Students at Rosedell Elementary School now have a new, safe track to run on, thanks to an Eagle Scout Project completed by Saugus High School senior Gage Smith.
As a former Rosedell student, Smith knew he wanted to give back to his former elementary school.
“I knew going in that I wanted to do it for a school and my first idea was to go to Rosedell since I went there and I know some teachers there,” Smith said. “That was my first choice and then if nothing else worked out I could help another school in the district.”
But after meeting with the school’s administration, he found out that the school was in desperate need of a new track for its students to run and play on.
“Our running track—very well-used by our students—was deemed unsafe by our Risk and Safety Management. It had a lot of potholes, a lot of worn, a lot of use,” Rosedell Elementary School Principal Kathy Stendel said at Tuesday’s Governing Board meeting honoring Smith. “So we came up with a huge project for him.”
Smith thought the project was a perfect fit for him since he remembered when the track was installed and enjoyed playing on it during his time at Rosedell.
“I was there when they put it [the track] in,” Smith said. “It was something they really needed and something I used and had been involved with and saw the creation of, so I had good memories of it.”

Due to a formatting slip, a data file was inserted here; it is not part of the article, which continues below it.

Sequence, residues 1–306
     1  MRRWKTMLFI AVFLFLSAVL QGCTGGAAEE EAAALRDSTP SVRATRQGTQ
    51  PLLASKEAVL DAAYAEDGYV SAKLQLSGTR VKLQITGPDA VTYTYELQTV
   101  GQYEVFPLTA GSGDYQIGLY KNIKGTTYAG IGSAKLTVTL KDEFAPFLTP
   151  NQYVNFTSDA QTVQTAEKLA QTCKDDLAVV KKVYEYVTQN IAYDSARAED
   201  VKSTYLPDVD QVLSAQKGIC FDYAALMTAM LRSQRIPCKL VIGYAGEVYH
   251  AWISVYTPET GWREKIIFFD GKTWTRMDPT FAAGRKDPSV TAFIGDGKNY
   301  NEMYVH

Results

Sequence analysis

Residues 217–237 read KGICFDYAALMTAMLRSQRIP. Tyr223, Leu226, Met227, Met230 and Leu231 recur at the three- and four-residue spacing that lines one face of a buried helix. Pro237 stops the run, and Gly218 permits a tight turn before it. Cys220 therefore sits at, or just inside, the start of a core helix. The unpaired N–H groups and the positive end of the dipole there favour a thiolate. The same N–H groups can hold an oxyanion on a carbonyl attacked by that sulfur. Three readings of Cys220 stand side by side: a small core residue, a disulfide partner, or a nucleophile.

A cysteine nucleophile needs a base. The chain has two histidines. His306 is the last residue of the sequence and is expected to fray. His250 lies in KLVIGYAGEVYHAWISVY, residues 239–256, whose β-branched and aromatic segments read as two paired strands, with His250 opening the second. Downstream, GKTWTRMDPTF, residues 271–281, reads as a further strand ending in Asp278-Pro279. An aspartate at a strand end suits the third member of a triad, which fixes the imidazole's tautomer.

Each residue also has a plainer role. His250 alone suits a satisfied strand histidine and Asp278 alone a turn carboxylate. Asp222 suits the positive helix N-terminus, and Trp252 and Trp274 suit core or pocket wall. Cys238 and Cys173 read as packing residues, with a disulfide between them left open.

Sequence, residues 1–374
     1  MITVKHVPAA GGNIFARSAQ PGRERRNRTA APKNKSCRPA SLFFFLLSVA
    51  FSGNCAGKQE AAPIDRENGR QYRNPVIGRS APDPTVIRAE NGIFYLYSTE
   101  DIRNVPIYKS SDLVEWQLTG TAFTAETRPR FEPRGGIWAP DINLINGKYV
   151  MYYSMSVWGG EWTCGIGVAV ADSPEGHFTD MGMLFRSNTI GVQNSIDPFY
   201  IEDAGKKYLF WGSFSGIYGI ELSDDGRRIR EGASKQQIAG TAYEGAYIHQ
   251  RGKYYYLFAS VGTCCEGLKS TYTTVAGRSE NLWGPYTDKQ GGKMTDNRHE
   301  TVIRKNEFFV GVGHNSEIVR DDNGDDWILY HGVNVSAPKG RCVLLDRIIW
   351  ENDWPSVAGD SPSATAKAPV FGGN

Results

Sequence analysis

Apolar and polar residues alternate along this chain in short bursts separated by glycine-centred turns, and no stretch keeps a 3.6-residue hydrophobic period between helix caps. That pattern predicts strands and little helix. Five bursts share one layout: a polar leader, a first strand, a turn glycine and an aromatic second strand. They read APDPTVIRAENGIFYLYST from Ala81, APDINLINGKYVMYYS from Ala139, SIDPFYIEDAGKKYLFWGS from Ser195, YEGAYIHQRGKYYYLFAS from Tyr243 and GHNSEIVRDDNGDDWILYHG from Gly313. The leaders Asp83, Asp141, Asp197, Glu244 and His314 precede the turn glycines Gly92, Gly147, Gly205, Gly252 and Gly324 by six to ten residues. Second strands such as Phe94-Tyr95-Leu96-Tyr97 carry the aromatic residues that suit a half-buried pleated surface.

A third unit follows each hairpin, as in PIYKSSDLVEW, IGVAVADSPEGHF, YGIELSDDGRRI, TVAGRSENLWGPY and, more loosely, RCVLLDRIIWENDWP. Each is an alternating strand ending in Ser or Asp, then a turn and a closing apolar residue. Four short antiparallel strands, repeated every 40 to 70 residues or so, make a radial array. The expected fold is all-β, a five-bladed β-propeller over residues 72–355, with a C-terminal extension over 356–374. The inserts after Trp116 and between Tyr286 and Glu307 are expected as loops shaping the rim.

Throughout the summer, Smith planned and organized the refurbishing of the running track by gathering materials and volunteers for the project.
“I worked a lot mid-July and the actually project itself was the beginning of August,” Smith said. “There was one big Saturday when I had 50 volunteers and the next Saturday about 15 to 20 to finish up some stuff.”
Together, the crews worked to remove overgrown areas, replace cracked granite and install new materials to make the track usable again.
“They spent over four and a half hours going through the track breaking it, kneading it, laying out new gravel and making it safe and smooth for all of our Rosedell children to use,” Stendel said.
Altogether, Smith said the project took about 200 man-hours to complete.
For Smith the project was worth it because it made a difference not only for the students, but also for the teachers and administration.
“I went to an assembly a few months ago at school and talked to some kids. They were grateful that it was fixed and kind of reluctant because they have to run on it again, but still happy,” Smith said. “A lot of the teachers were happy too because it’s part of their school.”
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